Saturday, June 20, 2009

A few thoughts on Iran

There are many people who are writing far more effectively on this subject than I can right now, but here are a few scattered thoughts:

Just as we did after 9/11, America stands at a major crossroads. After the World Trade Center fell, we had the goodwill of the entire world on our side, and we completely squandered it. There was a brief moment just before the Iraq war when the UN inspectors were saying they needed more time to determine if Iraq had WMD, but instead, we invaded the country before they could complete their work, and of course found no WMD. At that moment, we had the opportunity to empower the UN to do its job of peacekeeping and insuring justice between nations, just like Washington does between all the different states in America. Now, it seems (one would hope) that our new President will continue to speak out on human rights, but I am also proud so far that he is not using US military power. There are many Americans right now who are wondering why Obama is not doing more - many of these are the same people who criticized Bush for invading Iraq. Though it was a proven lie, the justification for the Iraq War was the same as the current justification for wanting Obama to do more - human rights. We must never use military might or violence to achieve the ends of human rights. Not only that, but, as the BBC points out, it would actually be harmful to the protesters for Obama to do more than he's doing. Here's a quotation from their article:

But the BBC's Jon Donnison in Washington says the president is treading a fine line - he does not want to be seen to be interfering, which could stir up anti-American sentiment within Iran and work against the protesters.

As I was thinking about this tonight (and realizing that it's 20 years to the month after the Tiananmen Square Massacre), I finally got around to watching Obama's speech in Cairo. It was wonderful, and worth watching, so I've included it below. Here's a short paragraph, but you really should watch the whole speech.

For we have learned from recent experience that when a financial system weakens in one country, prosperity is hurt everywhere. When a new flu infects one human being, all are at risk. When one nation pursues a nuclear weapon, the risk of nuclear attack rises for all nations. When violent extremists operate in one stretch of mountains, people are endangered across an ocean. And when innocents in Bosnia and Darfur are slaughtered, that is a stain on our collective conscience. That is what it means to share this world in the 21st century. That is the responsibility we have to one another as human beings.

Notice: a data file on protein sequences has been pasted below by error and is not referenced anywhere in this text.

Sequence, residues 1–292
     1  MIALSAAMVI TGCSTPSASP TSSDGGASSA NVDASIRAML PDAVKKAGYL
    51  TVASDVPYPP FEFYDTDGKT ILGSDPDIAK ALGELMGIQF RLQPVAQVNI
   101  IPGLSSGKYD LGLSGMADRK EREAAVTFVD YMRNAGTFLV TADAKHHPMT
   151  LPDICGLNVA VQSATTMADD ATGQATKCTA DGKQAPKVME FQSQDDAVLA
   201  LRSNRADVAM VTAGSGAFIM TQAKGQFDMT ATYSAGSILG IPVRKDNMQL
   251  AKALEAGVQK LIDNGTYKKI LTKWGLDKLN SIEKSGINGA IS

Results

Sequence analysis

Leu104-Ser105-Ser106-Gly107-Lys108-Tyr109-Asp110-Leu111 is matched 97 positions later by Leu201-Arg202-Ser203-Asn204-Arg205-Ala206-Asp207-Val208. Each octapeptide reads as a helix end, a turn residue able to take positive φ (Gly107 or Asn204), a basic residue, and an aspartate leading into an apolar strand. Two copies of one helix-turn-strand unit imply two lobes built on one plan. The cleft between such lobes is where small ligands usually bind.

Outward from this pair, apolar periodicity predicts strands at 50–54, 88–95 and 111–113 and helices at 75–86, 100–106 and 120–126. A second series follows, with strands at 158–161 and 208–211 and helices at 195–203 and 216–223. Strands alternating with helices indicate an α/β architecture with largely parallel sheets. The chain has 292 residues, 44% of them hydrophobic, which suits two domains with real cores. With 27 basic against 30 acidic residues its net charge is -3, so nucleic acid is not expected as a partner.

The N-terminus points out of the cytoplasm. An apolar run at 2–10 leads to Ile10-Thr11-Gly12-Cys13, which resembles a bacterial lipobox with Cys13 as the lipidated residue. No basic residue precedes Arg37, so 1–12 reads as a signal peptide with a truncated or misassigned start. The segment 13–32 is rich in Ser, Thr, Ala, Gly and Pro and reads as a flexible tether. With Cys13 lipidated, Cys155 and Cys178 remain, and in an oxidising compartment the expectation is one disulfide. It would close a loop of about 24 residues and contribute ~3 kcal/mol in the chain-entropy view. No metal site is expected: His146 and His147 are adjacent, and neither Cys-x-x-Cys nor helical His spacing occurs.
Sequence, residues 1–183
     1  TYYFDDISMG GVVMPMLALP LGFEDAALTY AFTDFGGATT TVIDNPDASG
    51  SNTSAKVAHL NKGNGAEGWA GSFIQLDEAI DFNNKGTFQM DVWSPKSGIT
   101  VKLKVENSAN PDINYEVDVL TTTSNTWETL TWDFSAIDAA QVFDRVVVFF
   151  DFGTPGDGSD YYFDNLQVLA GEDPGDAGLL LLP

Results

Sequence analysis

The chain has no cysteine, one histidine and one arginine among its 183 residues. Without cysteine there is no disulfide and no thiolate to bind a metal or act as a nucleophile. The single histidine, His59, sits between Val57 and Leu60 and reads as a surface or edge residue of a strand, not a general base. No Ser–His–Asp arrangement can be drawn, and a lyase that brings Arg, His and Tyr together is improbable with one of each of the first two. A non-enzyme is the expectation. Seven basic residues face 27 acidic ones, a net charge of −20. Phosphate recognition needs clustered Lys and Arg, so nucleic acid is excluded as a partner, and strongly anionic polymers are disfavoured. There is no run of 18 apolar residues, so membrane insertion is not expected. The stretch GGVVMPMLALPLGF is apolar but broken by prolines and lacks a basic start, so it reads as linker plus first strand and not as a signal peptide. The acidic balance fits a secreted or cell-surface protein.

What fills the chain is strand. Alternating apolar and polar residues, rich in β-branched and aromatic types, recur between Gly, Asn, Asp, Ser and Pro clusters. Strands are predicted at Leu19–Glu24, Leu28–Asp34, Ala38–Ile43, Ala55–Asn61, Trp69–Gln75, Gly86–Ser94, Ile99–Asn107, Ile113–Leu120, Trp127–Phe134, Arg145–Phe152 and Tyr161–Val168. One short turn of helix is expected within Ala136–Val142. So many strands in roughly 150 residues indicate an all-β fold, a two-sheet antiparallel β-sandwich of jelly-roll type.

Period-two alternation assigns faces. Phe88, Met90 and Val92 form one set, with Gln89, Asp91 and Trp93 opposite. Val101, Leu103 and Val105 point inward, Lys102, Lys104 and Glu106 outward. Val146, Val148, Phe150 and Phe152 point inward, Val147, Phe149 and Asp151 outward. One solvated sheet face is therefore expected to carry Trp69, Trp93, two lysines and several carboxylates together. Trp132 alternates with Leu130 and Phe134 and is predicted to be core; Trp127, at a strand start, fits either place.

I've heard this type of thing before, in John Donne's Meditation 17.

No man is an island, entire of itself; every man is a piece of the continent, a part of the main. If a clod be washed away by the sea, Europe is the less, as well as if a promontory were, as well as if a manor of thy friend's or of thine own were: any man's death diminishes me, because I am involved in mankind, and therefore never send to know for whom the bells tolls; it tolls for thee.

It's pretty amazing to be able to watch all this develop in the present moment on Twitter, but I think there's something to be said for the old style of journalism too - the kind that verified its facts before spreading them. Fox News and CNN are pretty much using only Twitter and Facebook as their sources, which is basically just relying on gossip. We have to be careful before we rush to action, careful about mob mentality, careful not to sacrifice our principles when we become outraged at violations of human rights. That is what led us into Iraq, and so many other atrocities throughout history. Obama is right to proceed slowly and carefully. It's what we elected him to do.

I've tried not to get my hopes up since we've stood at this same crossroads so many times before. The beginning of the Iraq War was pretty much the last blow to my optimism about this. But although it's more cautious this time, I can feel that hope starting to build again. Maybe this time we'll choose the right path...

Monday, June 15, 2009

Google Bookshelf

Ok - so this is amazing. With Google Books, you can now upload the books that you have by their ISBN, which you can either enter by hand on a keyboard, or with a barcode scanner. I have a T-Mobile G1, which I was able to use to scan, and I'll be the iPhone would be able to do this too. Without a scanner, you can just type the numbers directly into the import feature. All the details are at this link, including this video which will walk you through everything you need.

The real kicker, though, which they mention at the end of the video, is that not only can you use your computer to search the titles of all your books, but because it's Google Books, you can type in any word that would be IN any of your books! If you are wondering where that quotation came from, and are just not sure which of your books has it, search your books online, and it will lead you right to the book, and in many cases, will actually show you the page number of what you're looking for. Pretty amazing!